The correlation of each element of a literary work, as a system, wit hothers, and, naturally, with the system as a whole, I term the element's constructional function. On closer inspection, such a function turns out to be a complex concept. The element simultaneously correlates: on the one hand, with the series of similar elements in other works as systems and even in other series, and, on the other, with other elements in its own system (the 'autofunction' and the 'synfunction'). For example, the lexis of a given work can be correlated simultaneously with literary lexis and general language lexis on the one hand, and with other elements of the given work on the other. (Tynyanov 1927: 33 in O'Toole & Shukman 1977: 33)
Intuitively one feels that these should be opposite: that the autofunction should concern elements of its own system and synfunction should concern similar elements in other systems. BUT! It makes perfect sense when we consider that auto- and synfunction are modeled after Anton Marty's semasiology. In that case it appears clearly that: Synsemantic words and phrases are meaningful only when they occur in the company of other words or, as synfunction stipulates, in relation with other elements in its own system. Autosemantic words and phrases on the other hand are meaningful in isolation, independent of context and, according to the autofunction, can be correlated with similar elements in other works, systems and series. I really must advocate turning to Anton Marty to make sense of Prague thinkers.
The dominant may be defined as the focussing component of a work of art: it rules, determines and transforms the remaining components. It is the dominant which guarantees the integrity of the structure. (Jakobson 1935: 82 in O'Toole & Shukman 1977: 34-35)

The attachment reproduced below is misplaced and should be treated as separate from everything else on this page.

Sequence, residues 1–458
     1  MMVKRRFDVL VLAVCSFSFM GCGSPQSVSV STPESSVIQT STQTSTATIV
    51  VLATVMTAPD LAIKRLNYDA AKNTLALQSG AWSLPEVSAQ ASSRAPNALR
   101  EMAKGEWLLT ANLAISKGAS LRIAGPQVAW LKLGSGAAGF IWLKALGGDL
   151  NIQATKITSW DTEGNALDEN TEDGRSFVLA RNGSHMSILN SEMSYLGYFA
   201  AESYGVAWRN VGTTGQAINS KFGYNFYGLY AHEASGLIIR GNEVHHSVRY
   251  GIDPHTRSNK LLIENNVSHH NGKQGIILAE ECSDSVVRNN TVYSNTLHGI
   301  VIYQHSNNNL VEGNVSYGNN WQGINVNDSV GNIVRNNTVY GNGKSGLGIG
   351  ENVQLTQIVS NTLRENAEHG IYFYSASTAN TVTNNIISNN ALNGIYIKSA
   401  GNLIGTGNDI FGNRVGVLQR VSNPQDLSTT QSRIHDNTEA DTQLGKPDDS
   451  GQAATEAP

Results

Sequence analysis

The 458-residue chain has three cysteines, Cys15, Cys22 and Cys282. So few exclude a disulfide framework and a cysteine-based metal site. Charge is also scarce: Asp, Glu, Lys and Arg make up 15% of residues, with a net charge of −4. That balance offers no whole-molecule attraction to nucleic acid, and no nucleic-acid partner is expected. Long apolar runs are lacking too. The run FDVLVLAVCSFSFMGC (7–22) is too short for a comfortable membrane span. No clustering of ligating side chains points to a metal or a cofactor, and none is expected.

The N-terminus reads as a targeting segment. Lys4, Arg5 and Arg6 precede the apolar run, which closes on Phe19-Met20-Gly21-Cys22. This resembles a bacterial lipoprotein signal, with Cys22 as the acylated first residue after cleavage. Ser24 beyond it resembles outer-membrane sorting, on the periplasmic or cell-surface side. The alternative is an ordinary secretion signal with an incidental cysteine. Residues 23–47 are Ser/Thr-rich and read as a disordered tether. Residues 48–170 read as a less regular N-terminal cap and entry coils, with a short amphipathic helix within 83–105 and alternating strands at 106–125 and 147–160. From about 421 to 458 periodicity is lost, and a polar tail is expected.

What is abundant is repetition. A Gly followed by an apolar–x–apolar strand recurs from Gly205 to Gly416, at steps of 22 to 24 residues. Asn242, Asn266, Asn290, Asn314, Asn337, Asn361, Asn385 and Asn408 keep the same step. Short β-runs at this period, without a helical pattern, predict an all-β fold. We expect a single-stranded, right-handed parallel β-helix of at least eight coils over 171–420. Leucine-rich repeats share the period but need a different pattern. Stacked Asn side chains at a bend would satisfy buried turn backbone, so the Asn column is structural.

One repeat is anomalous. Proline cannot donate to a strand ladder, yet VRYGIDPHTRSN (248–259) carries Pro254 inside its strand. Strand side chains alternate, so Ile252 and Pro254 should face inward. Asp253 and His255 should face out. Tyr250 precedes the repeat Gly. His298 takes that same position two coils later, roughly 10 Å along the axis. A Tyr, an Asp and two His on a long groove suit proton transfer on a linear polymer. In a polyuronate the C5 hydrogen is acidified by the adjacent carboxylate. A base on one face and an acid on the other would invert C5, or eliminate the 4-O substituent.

['The dominant' (unpublished Czech text of lecture). Page references to the English version in Readings in Russian Poetics, M.I.T., 1971, 82-87.]
In his communication model the predominant function seems more like a methodological curiosity (e.g. one views one function as dominant) but it is becoming abundantly clear that in some way or form Jakobson is trying to say that the dominant is a precondition of a speech act.
The purpose of art is to transmit the sense of a thing as seen not as recognizing; the device of art is that of 'making things strange' and of making form difficult, increasing the difficulty and time taken to perceive since the process of perception in art is an aim in itself and must be prolonged: art is a way of experiencing the making of a thing and what has already been made is of no importance. (Shklovsky 1927: 13 in O'Toole & Shukman 1977: 35)
['Iskusstvo kak priem' ['Art as device'], Sborniki po teorii proeticheskogo yazyka, II, 3-14. Reference to the reprint in Shklovsky 1929, 7-23. (O teorii prozy, Moscow. 1st ed. 1925.)]
This idea is a play on William James's observation that higher intelligence means greater delay between stimuli and reaction. While the intelligence of lower animals may appear as almost mechanical, in humans the measure of intelligence is how great a duration there is between an action and its rewards. I can't find the exact quote that reminded me of Shklovsky when I read James. In any case, Shklovsky has turned this idea around and viewed art as something that is meant for the intelligence of man, to give its most complex organ something to make sense of by making it strange.